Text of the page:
Ich habe jüngst ein Interview mit Matthew Nordhaus von Harmonix abgehalten,. Wir sprachen über Rock Band Blitz und auch ein wenig über die Zukunft der Musikspiele. Das Interview inklusive einer kleinen Übersicht zum Spiel findet ihr auf GamersGlobal.de, und zwar hier.
Hier auf Karaokefreak.de könnt ihr allerdings auch die Originalfassung des Interviews auf Englisch finden. Inhaltlich sind die beiden Fassungen natürlich gleich, aber hier lest ihr den Originalwortlaut ohne stilistische Kürzungen:
Answers by Matthew Nordhaus, Project Director (Rock Band Blitz)
Karaokefreak: Along with Dance Central 3, Rock Band Blitz seems to be your major IP for the year 2012, and traditionally it’s a music based game. Aside from it being an arcade snack full of intense action, what is the main approach? Do you see it more as a kind of rock band without plastic gear, Frequency 3.0 or as s completely new experience?
Matthew Nordhaus: We have a large community that still plays Rock Band 3 regularly. People love the game, the cooperative and performance aspect of it, and none of that is going away anytime soon.
We see Blitz as playing alongside Rock Band 3, not trying to replace it. Rock Band Blitz is focused on competition and arcade game fun, and we are not trying to replace the music performance aspect of Rock Band 3, just give people a complementary experience.
It’s primarily a way to allow people to play their Rock Band DLC in a new way, and to use the enormous library of content that we have to its best advantage.
Karaokefreak: Mixing musical interaction with “game-y” power ups is something you tried to avoid in the main rock band series – I think overdrive is the only comparable feature that comes to my mind, everything else e.g. Unison bonus etc. – works rather passively.
Was this a conscious decision in the first place or was it simply necessary in order to enrich the experience after testing first drafts? Maybe you want to give us some insight on how Harmonix developed blitz.
Matthew Nordhaus: This was a very conscious choice from the beginning. Rock Band has always focused on musical performance and authenticity. With a smaller arcade game we could try to focus on another aspect of fun: melding the musical experience with (as you accurately call it) a very game-y experience. Our choice was to move the focus of your gameplay away from note to note beatmatch and create a challenge that was measure to measure: gather energy, choose a path, pick a powerup note and deploy it.
Although we went through many iterations of the core gameplay as we developed the game, this goal was always uppermost in our minds. And I’m happy to say that I feel like we succeeded: people who have played the game come away with a sense that there is a tremendous amount going on at all times, and that there is a depth to the gameplay (in terms of achieving the highest score) that is difficult to master.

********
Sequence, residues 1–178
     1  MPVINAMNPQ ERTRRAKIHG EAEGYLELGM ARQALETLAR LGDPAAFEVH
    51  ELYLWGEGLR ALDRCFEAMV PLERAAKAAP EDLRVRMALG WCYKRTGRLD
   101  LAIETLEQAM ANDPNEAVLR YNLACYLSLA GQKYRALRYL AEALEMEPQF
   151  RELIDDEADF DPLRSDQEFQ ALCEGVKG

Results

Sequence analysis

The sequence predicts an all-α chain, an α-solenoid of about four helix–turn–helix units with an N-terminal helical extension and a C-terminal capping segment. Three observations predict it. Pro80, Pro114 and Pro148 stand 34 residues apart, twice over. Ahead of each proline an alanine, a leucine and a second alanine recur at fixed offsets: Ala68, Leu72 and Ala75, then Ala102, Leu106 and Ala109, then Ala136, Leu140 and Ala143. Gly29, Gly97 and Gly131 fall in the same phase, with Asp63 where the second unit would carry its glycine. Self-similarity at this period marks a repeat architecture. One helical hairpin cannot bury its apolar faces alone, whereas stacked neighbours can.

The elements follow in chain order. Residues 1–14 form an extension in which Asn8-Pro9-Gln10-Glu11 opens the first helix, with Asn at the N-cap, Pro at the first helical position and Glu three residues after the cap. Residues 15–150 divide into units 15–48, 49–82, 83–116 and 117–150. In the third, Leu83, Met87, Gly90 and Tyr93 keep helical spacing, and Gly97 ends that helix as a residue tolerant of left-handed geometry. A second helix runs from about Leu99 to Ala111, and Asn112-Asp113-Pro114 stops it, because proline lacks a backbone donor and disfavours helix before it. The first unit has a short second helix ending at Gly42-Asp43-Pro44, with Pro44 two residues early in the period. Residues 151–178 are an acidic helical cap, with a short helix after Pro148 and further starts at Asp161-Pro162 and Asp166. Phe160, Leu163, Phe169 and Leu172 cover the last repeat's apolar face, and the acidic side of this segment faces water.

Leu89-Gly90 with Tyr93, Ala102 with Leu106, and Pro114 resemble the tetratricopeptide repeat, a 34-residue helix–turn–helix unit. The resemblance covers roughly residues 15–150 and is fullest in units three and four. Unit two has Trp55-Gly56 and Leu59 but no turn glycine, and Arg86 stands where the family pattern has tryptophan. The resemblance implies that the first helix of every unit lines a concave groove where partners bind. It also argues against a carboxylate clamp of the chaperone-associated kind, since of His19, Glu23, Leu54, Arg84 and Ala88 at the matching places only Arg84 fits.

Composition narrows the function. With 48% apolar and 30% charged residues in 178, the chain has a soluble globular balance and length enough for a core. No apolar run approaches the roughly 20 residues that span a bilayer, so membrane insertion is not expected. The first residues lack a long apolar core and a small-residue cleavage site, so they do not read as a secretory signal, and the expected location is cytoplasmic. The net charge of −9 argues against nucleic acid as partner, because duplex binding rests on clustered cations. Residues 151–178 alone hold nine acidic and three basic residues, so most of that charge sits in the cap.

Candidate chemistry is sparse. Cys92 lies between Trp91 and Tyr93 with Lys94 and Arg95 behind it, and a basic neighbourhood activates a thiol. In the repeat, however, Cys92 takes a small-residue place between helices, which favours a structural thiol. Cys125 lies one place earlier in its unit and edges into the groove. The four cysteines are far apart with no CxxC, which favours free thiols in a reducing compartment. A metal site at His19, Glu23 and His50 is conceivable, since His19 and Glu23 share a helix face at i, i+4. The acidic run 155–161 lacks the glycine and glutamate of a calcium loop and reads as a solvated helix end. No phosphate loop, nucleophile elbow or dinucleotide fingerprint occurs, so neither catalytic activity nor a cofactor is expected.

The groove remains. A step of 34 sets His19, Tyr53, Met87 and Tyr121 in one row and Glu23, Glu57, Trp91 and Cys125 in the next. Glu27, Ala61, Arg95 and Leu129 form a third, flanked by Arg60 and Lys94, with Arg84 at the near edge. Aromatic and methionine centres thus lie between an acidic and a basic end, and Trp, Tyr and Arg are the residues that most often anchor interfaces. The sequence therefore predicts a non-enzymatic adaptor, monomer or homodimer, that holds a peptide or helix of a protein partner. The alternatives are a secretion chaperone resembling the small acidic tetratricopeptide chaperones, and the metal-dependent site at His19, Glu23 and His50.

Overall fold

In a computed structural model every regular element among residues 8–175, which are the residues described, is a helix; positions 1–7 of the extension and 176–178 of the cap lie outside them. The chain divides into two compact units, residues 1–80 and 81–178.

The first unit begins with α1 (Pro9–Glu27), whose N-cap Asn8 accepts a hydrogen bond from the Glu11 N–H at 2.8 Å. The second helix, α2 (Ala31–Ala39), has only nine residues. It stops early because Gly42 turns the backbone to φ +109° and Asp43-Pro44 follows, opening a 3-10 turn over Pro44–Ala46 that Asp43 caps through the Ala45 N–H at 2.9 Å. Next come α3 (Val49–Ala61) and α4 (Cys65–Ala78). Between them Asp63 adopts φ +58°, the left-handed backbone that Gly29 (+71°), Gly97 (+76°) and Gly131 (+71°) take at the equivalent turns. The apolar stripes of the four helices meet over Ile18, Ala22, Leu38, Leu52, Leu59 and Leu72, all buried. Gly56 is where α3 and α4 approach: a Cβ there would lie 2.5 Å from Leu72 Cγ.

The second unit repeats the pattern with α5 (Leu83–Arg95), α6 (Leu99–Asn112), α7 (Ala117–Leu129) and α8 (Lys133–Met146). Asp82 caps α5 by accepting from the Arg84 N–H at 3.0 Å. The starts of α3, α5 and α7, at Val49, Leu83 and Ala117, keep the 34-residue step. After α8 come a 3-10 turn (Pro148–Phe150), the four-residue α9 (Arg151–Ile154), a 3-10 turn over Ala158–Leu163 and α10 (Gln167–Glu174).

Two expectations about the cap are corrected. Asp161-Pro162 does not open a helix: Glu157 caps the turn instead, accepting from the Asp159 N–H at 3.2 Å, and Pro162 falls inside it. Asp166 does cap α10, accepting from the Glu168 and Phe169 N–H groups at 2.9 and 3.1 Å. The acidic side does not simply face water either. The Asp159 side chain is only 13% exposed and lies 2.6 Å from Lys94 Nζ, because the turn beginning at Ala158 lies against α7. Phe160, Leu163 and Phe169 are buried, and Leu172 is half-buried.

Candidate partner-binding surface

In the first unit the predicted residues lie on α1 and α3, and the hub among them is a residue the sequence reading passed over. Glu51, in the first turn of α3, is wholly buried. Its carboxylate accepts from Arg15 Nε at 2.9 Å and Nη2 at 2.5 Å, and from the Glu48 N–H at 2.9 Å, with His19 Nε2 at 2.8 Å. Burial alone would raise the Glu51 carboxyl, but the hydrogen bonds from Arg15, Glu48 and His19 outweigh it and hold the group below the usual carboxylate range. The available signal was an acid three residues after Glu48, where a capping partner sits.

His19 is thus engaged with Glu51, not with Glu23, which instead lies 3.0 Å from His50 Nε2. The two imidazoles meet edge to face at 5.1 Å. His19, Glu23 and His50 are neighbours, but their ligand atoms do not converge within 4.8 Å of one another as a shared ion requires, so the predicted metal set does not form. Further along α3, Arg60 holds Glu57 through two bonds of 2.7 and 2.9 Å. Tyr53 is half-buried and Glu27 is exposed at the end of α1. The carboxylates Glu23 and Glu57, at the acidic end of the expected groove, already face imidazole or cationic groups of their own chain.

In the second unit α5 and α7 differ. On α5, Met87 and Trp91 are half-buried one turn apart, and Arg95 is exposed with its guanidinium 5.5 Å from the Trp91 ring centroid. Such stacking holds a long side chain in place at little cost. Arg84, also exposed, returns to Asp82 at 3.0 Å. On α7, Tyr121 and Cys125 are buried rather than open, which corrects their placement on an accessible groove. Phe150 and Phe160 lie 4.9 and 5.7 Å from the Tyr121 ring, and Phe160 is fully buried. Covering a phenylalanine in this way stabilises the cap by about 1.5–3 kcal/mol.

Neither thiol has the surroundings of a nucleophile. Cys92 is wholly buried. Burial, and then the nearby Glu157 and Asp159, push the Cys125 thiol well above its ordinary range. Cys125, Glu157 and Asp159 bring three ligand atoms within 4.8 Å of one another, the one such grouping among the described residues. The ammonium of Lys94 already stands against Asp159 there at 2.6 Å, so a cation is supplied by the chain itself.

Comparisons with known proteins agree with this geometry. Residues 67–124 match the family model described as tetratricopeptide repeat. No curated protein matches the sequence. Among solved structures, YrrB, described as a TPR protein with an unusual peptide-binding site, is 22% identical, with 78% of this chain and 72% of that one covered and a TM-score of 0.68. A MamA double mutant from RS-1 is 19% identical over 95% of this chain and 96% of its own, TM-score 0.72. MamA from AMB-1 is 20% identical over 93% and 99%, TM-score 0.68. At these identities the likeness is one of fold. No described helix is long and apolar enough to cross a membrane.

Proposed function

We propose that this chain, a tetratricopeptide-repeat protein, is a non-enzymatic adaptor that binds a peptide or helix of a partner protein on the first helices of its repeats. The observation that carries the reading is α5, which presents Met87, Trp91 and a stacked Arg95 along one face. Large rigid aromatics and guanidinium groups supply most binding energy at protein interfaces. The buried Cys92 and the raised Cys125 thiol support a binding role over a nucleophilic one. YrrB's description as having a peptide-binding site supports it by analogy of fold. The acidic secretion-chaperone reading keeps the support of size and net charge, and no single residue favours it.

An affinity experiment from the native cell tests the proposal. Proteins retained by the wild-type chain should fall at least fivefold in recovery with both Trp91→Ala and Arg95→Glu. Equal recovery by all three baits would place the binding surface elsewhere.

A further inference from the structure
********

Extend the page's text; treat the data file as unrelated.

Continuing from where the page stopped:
Karaokefreak: Of course there is a reason why I ask this. A lot of people wonder what is going to become of music games as we know them. Some people say their heydays are over. Still, a solid number of music gamers watch the scene. And since Harmonix has always played a major role in this genre, people wonder if rock band blitz is the first impulse back to the “more game than music” relation. You know, after the heavy contrast that rock band 3′s pro guitar brought us…
Matthew Nordhaus: I’m not qualified to speak to the future of gaming markets as a whole. Obviously the audience for rhythm games has contracted in the last year, but it’s still very large by most standards, and I don’t think (just my opinion) that music games as a genre are going to disappear completely, ever.
I also don’t think that anyone should take Blitz and predict that it’s the beginning of some new permanent gaming focus for Harmonix. We had an idea for a game that was fun, achievable, and had a great shot at getting our audience excited and playing Rock Band again. We built it and now we’re going to watch how our fans enjoy it. Whatever happens next hasn’t been written yet…
Karaokefreak: You designed blitz for normal controllers, which increases the possible audience, since there are no instruments necessary. Still, some people wished for optional use of instruments. Someone even pointed out that blitz could work well using drums. In my opinion this could have been a wonderful crossover of peripheral use just like we had it with the first guitar hero titles- remember? Some people rocked even the hardest songs with normal joypads. Is there still a chance for drum integration?
Matthew Nordhaus: Not at this point. I totally understand people’s desires to play the plastic instruments. But, you know, this game is about having a controller in your hand and making it easy and quick to play the game.
I had a long discussion with our fans on the forums at rockband.com about this. If it had been a simple and easy integration that was fair to the controller player we absolutely would have implemented it. The problem with drums is playing the sustained notes: there’s no easy way to do it that doesn’t either make it always worse to play drums or always better.
Karaokefreak: This is a short one: The setlist of blitz as far as we know it is very nice and full of variety. Will there be a special surprise in the songlist that we don’t know yet? I won’t mention any names, but there are enough threads in your forums full with patient fans waiting for songs from two bands starting with letter M…. Among others that had no appearance in rock band yet.
Matthew Nordhaus: Do you mean Med Zeppelin? Or Mink Floyd? Seriously, though, can’t give any more hints about the setlist, but we’re excited for what we’ve pulled together. Stay tuned for more reveals as we get closer to launch later this summer!